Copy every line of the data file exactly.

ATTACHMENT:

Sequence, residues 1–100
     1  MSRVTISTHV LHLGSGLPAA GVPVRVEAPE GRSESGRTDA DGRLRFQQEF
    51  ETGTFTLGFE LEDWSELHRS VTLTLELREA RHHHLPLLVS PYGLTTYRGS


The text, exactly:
Sequence, residues 1–100
     1  MSRVTISTHV LHLGSGLPAA GVPVRVEAPE GRSESGRTDA DGRLRFQQEF
    51  ETGTFTLGFE LEDWSELHRS VTLTLELREA RHHHLPLLVS PYGLTTYRGS